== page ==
A new model home was destroyed by a fire allegedly due to the negligent installation of a gas fire place. The subcontractor who had installed the fire place was insured by Penn National. Citing to an indemnification provision in the agreement between the general contractor and the subcontractor, the general contractor argued that it was an additional named insured under the subcontractor’s insurance policy and submitted a claim to Penn National for defense and indemnification due to litigation stemming from the fire.
Penn National denied the claim. The general contractor subsequently filed suit against Penn National asserting, among other claims, a bad faith claim. The United States District Court for the Middle District of Pennsylvania the District Court, however, adopted the findings of the Magistrate Judge and held that the general contractor was not entitled to coverage under a subcontractor’s insurance policy.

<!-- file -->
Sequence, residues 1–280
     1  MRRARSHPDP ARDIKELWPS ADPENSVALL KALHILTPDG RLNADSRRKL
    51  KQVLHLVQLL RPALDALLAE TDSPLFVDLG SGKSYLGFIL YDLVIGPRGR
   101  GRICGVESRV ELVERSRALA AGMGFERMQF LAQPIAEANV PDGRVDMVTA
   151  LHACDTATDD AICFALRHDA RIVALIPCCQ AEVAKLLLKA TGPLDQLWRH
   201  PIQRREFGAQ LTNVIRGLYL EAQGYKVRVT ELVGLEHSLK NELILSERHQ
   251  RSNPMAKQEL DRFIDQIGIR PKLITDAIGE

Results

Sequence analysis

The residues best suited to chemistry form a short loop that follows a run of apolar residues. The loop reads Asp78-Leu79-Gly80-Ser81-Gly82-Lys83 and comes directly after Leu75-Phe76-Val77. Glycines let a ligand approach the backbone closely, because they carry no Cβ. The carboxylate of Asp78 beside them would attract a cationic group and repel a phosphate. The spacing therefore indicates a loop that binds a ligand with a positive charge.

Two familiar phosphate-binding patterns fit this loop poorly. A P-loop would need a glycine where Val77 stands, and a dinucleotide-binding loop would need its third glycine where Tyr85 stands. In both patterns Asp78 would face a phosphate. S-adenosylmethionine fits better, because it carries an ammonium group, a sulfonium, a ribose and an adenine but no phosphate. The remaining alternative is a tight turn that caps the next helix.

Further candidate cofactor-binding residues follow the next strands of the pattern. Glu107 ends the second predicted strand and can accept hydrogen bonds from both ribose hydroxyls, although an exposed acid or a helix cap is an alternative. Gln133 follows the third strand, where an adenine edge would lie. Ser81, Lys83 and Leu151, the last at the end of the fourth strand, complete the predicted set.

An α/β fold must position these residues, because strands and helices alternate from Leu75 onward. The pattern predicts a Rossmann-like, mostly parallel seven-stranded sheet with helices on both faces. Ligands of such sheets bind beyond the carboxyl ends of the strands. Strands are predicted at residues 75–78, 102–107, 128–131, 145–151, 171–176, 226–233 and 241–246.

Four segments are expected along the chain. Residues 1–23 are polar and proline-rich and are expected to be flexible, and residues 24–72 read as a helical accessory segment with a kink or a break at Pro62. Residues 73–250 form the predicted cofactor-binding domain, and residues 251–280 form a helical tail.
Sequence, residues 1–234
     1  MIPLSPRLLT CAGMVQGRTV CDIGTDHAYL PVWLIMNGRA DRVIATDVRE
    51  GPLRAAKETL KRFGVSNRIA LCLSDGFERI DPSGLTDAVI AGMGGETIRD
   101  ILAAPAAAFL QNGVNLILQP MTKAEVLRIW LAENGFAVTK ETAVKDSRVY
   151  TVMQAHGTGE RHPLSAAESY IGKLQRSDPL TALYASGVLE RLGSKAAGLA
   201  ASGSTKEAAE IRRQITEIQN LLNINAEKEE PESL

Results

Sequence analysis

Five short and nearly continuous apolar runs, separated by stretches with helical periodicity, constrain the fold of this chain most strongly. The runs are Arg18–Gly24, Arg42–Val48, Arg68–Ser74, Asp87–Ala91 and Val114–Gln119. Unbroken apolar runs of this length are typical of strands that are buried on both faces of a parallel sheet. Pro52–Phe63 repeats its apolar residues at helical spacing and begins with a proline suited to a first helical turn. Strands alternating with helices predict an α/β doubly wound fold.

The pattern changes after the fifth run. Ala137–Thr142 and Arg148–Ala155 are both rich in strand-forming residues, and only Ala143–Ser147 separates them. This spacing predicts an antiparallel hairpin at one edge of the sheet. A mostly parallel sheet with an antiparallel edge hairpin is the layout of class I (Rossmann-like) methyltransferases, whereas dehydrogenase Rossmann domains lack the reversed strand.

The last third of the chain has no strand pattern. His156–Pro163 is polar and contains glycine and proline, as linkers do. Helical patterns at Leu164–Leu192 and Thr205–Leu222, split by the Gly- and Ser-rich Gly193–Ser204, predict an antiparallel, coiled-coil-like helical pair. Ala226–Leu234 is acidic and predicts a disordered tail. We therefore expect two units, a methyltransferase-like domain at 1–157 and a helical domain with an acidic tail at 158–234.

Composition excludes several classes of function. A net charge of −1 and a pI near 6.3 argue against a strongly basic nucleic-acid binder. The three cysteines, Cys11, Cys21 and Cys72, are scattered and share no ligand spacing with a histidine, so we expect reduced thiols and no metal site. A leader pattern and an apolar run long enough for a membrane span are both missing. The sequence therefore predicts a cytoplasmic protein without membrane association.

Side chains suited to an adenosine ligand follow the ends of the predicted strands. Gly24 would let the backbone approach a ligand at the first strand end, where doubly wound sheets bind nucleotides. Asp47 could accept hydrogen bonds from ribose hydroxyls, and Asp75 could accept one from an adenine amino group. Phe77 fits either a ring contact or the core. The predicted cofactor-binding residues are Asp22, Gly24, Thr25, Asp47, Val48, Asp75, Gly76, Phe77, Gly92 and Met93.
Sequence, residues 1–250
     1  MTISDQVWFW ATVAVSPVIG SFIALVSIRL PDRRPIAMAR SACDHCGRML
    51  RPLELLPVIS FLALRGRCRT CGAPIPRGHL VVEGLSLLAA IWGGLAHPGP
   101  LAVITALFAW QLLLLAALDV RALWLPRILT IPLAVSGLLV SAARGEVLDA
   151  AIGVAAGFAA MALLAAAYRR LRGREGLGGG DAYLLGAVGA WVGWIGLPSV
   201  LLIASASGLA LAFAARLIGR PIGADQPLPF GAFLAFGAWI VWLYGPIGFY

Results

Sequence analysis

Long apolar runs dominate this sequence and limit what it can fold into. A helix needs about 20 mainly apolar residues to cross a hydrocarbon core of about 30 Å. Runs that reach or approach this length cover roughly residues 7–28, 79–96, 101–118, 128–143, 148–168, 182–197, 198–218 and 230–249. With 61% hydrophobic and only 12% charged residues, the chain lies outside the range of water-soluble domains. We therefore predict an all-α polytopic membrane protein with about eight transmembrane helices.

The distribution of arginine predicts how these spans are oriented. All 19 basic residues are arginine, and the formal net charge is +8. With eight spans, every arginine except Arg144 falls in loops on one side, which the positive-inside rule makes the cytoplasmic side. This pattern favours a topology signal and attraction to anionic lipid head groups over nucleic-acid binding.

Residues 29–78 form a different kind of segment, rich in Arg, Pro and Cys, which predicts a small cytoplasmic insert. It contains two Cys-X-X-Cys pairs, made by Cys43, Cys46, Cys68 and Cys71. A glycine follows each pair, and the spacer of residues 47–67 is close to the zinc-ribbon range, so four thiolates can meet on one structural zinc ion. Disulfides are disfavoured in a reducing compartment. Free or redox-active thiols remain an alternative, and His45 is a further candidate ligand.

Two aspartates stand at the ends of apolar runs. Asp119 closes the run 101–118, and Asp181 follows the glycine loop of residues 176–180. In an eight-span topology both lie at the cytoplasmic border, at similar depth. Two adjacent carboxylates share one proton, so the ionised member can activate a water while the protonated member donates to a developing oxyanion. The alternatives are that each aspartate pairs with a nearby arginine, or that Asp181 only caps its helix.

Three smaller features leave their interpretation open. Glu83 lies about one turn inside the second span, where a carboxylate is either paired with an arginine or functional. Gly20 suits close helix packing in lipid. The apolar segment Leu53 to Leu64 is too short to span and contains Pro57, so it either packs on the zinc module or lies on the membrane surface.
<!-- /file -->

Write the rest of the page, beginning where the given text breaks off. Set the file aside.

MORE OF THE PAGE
The Court held that the general contractor was not an additional named insured under the Policy. Further, the Court opined, that the general contractor was not entitled to coverage under the automatic additional insureds endorsement under the policy because the policy also contained an exclusion for property damage occurring after that portion of the work “which the injury or damages arises has been put to its intended use by any person or organization other than another contractor or subcontractor engaged in performing operations for a principal as part of the same project.”
Finding that the owner of the home had already put the gas fire place to use, the Court held that the policy exclusion applied and dismissed the general contractor’s bad faith claim against Penn National.
Date of Decision: April 20, 2007.
Penn National Insurance Company v. HNI Corp., No. 1:05-cv-2096, 482 F. Supp. 2d, 568, 2007 U.S. Dist. LEXIS 29291 (M.D. Pa. April 20, 2007) (Jones III, J.)